As teachers, we enjoy the privilege and responsibility of the having what I have always referred to as the second-most important job in the world. We are educator, mentor, guide and learning facilitator, in loco parentis in our daily interaction with students, in our planning for teaching and learning, and in our assessment of the success, or not, of this learning and teaching. We live our work.
At one time I was a literacy consultant. At one of our training sessions in a large conference facility, the dining tables and corridors were filled with noisy groups of us talking about these latest challenges for our practice. At one stage I was alone in the lift with one of the staff. He challenged me that all we could talk about was teaching. ‘What’s wrong with you all? Haven’t you got anything else to talk about? Haven’t you got anything else in your lives?’ He said that when he finished work, he and his mates talked about the football, or the weather, almost anything but the way they earned their living.
And of course we all have rich and busy, fulfilling lives outside of this teaching job. The trouble is, it is so varied, so rewarding, so interesting and such a challenge, that when we do have the chance to talk with colleagues, we have so much ground to cover.
I asked some teachers at a course I was running to quickly reflect on their day by choosing two adjectives to describe it. The responses were at the extreme ends of the cline from ‘disastrous’ to ‘exhilarating’. And, having let that horse out of the stable door, I had to work pretty hard to get them back on task. It was Week 2 of Term 1 of the new school year – new students, new classrooms, new organizational structures but all within the boundaries of a role with which many were experienced and highly skilled. And they wanted to talk and talk and talk. They wanted to share the events and incidents that had prompted their choice of adjectives, to explain what had happened, what the result was, and, most importantly, the affirmation for their own part in the events, and the direction for their future actions. What is this imperative that consumes us s completely?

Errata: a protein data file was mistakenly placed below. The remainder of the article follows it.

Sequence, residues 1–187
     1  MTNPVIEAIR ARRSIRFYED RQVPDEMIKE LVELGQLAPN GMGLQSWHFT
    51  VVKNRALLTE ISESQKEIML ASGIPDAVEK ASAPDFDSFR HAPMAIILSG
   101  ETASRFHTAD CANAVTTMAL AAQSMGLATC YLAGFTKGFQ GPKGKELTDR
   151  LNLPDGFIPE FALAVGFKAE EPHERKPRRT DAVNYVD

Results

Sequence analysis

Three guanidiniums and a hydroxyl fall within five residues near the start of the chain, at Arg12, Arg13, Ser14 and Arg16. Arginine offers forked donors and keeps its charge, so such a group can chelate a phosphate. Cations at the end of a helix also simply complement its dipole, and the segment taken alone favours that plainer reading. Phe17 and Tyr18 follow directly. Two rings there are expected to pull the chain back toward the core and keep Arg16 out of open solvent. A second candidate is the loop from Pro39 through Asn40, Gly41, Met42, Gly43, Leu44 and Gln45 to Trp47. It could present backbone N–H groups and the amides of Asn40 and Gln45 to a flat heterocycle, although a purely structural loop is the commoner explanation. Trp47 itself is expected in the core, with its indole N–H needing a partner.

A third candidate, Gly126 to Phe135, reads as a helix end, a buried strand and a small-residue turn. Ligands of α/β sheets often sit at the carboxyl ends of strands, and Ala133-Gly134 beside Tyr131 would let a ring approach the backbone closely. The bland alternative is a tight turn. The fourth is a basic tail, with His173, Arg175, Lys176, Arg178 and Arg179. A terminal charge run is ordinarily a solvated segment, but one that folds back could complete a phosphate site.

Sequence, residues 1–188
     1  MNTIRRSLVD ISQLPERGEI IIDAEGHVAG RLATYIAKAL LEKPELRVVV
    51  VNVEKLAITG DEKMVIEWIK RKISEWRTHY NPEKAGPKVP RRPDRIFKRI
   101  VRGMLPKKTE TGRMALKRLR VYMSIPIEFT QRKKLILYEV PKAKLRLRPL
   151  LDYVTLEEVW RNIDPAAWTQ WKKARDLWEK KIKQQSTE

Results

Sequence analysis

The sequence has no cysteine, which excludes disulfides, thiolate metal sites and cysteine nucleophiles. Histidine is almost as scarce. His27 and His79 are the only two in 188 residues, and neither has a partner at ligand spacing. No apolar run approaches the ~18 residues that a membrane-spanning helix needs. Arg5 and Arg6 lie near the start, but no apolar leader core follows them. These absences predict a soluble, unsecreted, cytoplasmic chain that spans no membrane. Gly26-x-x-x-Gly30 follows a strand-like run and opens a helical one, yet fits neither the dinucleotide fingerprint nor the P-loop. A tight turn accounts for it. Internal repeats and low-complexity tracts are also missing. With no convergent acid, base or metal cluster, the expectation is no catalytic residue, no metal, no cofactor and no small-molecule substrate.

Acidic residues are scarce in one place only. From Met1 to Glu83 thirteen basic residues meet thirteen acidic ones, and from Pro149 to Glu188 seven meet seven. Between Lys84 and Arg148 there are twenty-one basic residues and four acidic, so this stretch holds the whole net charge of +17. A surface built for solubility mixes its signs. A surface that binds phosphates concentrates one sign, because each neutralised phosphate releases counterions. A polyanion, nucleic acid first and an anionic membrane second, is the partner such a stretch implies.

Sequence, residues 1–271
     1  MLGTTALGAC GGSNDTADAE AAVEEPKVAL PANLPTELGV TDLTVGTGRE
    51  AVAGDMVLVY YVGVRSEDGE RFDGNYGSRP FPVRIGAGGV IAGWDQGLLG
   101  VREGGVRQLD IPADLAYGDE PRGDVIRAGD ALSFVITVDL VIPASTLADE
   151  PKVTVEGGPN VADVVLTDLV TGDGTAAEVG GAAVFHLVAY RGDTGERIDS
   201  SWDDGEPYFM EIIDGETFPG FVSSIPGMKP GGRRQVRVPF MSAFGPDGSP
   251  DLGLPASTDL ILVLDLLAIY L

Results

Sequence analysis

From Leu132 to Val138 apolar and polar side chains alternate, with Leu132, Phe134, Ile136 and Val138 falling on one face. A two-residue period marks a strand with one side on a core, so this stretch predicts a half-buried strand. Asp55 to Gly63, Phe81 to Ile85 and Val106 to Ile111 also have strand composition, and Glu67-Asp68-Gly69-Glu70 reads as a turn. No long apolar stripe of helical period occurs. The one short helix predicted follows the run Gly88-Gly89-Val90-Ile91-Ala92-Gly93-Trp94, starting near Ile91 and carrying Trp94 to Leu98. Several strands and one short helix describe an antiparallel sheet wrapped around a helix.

I gave up my own teaching career after two happy and successful, challenging, terrifying and productive years with wonderful and challenging students. I was ready for new adventures. But the more I tried to move into other fields, the more teaching pulled me back. I realised I had to do a bit of research in order to try to understand exactly what it was that I was going to be doing, if I did return to the classroom.
By luck, I came across a gem of a book called ‘Teachers and Teaching’ by Arnold Morrison and Donald McIntyre, both then Senior Lecturers in Education at universities in the UK. The book was the second edition, and published as part of the Social Psychology series edited by Michael Argyle. I knew nothing of these men. I knew nothing of educational research. But what caught my attention was the title, and the blurb on the back cover
The quality of an educational system depends first and foremost on what happens inside the classroom – in particular on the behavioural skills of the teachers themselves, their relationships with both individuals and with classes, their ability to motivate pupils, and their overall ‘management’ of classroom activity.
And I do not believe this has changed one scrap. The best curriculum – if there is such a thing – in the best classroom – ditto – in the world, can turn to dross, tedium and nothing more than keeping students busy in the hands of a person with uncaring behaviours, poor relationships and an inability to motivate pupils. These people are not teachers.
Similarly, an inadequate curriculum – of which there are many – in an overcrowded and inadequate classroom – ditto – can, in the hands of a skilled, thoughtful and caring teacher, be the door that opens the world to a pupil.
It is with this philosophy that we will present training materials for you to develop yourself to become one of the latter teachers, particularly in the light of the attacks and climate in which we have to work.
Morrison, A & McIntyre, D (1973) Teachers and Teaching (2nd Ed.) Penguin Education UK.